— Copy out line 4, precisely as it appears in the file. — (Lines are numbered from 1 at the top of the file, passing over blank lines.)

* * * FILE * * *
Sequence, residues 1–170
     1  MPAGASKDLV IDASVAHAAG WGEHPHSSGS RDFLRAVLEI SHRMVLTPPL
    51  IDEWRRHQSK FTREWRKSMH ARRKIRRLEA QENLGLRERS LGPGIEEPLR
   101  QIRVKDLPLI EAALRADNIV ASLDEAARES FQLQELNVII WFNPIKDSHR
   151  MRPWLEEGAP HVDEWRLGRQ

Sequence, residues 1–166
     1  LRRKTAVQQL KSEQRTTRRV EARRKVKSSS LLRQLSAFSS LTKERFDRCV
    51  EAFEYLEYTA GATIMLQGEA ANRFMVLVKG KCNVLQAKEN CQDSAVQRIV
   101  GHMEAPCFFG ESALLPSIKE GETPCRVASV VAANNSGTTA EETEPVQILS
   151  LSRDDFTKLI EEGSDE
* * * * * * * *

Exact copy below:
   101  QIRVKDLPLI EAALRADNIV ASLDEAARES FQLQELNVII WFNPIKDSHR